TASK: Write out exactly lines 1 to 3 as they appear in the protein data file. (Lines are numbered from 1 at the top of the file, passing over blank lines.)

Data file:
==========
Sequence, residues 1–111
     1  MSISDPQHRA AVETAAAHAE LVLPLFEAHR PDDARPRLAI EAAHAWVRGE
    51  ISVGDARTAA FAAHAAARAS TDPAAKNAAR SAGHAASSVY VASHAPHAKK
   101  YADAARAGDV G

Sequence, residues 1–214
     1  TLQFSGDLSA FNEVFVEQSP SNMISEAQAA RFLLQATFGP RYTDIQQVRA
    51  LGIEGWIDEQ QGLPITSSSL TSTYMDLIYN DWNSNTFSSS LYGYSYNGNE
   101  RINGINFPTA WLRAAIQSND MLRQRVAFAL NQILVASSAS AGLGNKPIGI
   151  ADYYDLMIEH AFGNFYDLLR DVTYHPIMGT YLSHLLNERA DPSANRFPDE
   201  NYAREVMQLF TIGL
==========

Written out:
Sequence, residues 1–111
     1  MSISDPQHRA AVETAAAHAE LVLPLFEAHR PDDARPRLAI EAAHAWVRGE
    51  ISVGDARTAA FAAHAAARAS TDPAAKNAAR SAGHAASSVY VASHAPHAKK